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How 'WOKE' tore through 2019 to become word of the year

Martyn Andrews
Martyn Andrews

is a British television presenter, broadcast journalist, professional actor, and singer. Follow him on Twitter @martynandrews

is a British television presenter, broadcast journalist, professional actor, and singer. Follow him on Twitter @martynandrews

How 'WOKE' tore through 2019 to become word of the year
2019 will be memorable for many reasons: Boris Johnson got elected, Green Book won best picture Oscar, Trump got impeached and Global Language Monitor announced 'Woke' as Word of the Year.

According to Paul JJ Payack, president and chief word analyst at the Global Language Monitor, the word 'Woke' and society's new identitarian outlook on life has been gathering steam for a decade and "sins of the past are now viewed in the context of the present as subjects to be rectified, awakened to the call of social justice."

The electrifying buzzword has set cultural, social and political platforms alight in 2019, and it's been an eventful year in the land of Woke, as passionate social justice warriors battled it out against anti-PC crusaders. To prove the literary zeitgeist of the word, British comedian Andrew Doyle (aka Titania McGrath) even fooled a UK publication by pretending to be a horrified author appalled at revolting jokes purely because it pushes the "woke" media agenda. The fake author called for "hate speech" investigations into popular comedians who are "offensive" and just "not funny." Doyle, 1 - The brainwashing mainstream media, 0.

Several books were written about this fascinating modern issue of social guilt too. One is titled 'The Problem With Everything' by Meghan Daum, which evaluates the ideology of liberal left millennials and how far she believes the woke left has overstepped. Meanwhile in November this year The Colombia Journalism review suggested it's time to simply ban the four-letter word from media.

Too harsh? Or is there a substantial claim behind such an action? Consider these 2019 phenomena: in October, Sheffield University Students' Union banned white students from attending anti-racist meetings; nativity scenes have been banned from shopping malls and villages across the UK because councils want to be "religiously and politically neutral"; and Whitehall Primary School in East London changed the lyrics of the carol 'Away In A Manger' from "lord" to "little baby" for inclusivity reasons, causing outrage among some parents.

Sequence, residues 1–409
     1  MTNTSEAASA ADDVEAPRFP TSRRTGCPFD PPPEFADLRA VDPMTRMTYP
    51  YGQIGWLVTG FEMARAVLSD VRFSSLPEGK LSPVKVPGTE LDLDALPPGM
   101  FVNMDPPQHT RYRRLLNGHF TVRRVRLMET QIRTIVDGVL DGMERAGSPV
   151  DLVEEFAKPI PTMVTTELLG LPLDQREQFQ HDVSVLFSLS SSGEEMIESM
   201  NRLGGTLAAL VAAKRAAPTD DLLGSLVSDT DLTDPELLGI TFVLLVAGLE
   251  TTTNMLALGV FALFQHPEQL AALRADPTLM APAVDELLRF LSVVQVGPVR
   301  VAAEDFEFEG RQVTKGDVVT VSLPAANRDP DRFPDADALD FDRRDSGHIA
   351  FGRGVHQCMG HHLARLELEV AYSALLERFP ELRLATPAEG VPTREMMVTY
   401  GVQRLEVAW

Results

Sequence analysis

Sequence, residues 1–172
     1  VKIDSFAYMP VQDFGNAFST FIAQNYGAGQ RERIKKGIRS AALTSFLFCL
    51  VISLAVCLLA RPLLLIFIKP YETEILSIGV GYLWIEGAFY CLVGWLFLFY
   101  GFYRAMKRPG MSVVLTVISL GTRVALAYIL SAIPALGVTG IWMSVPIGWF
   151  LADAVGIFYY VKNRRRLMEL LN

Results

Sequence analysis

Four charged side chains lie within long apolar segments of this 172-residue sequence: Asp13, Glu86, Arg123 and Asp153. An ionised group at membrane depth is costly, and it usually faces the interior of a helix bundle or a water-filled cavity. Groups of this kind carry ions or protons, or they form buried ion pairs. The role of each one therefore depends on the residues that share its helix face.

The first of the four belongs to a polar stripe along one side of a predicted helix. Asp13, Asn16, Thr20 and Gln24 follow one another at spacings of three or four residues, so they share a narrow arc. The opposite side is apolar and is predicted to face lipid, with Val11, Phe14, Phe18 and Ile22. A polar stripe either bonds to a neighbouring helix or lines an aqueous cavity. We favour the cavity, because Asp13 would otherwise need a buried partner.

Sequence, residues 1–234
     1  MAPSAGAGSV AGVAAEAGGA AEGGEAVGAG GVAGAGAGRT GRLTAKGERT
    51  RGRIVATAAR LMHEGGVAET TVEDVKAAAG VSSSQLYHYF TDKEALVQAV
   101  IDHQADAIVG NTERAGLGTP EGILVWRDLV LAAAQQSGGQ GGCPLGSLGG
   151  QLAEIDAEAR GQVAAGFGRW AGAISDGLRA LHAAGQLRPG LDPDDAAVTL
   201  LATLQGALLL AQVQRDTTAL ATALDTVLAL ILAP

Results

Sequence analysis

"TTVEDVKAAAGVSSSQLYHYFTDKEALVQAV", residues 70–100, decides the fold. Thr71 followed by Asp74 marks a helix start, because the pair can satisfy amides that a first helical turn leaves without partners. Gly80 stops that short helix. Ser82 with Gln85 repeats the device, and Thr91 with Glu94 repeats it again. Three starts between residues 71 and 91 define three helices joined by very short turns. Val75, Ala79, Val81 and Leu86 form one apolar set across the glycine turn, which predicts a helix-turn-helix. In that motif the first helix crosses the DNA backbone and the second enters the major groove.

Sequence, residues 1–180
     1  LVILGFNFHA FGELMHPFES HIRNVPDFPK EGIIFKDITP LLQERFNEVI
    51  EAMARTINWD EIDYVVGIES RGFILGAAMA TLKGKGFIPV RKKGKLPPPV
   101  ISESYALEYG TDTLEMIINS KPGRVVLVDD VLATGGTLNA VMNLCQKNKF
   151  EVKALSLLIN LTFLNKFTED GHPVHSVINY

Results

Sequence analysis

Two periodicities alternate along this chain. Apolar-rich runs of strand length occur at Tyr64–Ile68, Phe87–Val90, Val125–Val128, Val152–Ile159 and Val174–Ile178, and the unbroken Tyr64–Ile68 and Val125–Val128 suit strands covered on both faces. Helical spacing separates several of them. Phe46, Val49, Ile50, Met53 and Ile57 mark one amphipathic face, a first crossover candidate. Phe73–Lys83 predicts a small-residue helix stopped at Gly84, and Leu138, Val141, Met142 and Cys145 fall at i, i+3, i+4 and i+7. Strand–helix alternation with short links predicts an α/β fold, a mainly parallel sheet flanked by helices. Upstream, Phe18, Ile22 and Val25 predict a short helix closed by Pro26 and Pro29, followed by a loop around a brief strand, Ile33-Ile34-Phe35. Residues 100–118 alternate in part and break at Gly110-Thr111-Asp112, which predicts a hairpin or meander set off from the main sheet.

Andrea Williams, CEO of Christian Concern says the lyric change is religious discrimination. "Removing the Lordship of Christ at Christmas guts the Christian message of its truth around which the whole of Western civilization once based its culture," she said. "Let's put the Lord Jesus Christ back into Christmas."

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To the dismay (or glory) of others, the arts has been trampled on by the woke, too. In this year's prestigious Tate Turner Art Prize the top artists were all united by their strong narrative towards political causes. The four works expressed ideas about immigrants, gender politics and general contempt for western culture. Their dogmatic, over-political artworks all raised eyebrows in a running theme.... that doesn't seem to be losing steam.

With the chaotic mess of Brexit and the social and political division of Trump's America, the Woke "moral panic" of today is something none of us need. Wokeness has shaken up the fashion world, the cosmetic industry, music, television and advertising. Several plays named 'Woke' have been staged in 2019 and it has even made its way to politics.

The four-letter word might only have entered the Oxford English Dictionary last year as meaning "alert to racial or social discrimination and injustice" but its effect on everyday culture is only too apparent. Will the fad last or is it just a blip in the millennial mindset?

Perhaps someone in 2020 will wake up and realise that over-promoting the theories of 'woke' might have started as a rational theory to stamp out racism and other forms of discrimination... but it is now in danger of becoming a parody of its own creation.

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The statements, views and opinions expressed in this column are solely those of the author and do not necessarily represent those of RT.

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